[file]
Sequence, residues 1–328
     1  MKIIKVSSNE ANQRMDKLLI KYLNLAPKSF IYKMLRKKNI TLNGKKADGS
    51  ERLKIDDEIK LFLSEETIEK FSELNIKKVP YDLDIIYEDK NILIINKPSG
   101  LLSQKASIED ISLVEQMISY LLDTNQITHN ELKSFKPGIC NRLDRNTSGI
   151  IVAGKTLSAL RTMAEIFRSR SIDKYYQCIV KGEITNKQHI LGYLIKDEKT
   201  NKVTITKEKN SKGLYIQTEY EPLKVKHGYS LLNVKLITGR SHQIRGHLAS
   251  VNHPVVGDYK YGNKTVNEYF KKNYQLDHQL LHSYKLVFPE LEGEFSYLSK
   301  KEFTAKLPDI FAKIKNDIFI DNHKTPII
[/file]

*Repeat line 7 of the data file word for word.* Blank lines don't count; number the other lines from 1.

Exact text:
   251  VNHPVVGDYK YGNKTVNEYF KKNYQLDHQL LHSYKLVFPE LEGEFSYLSK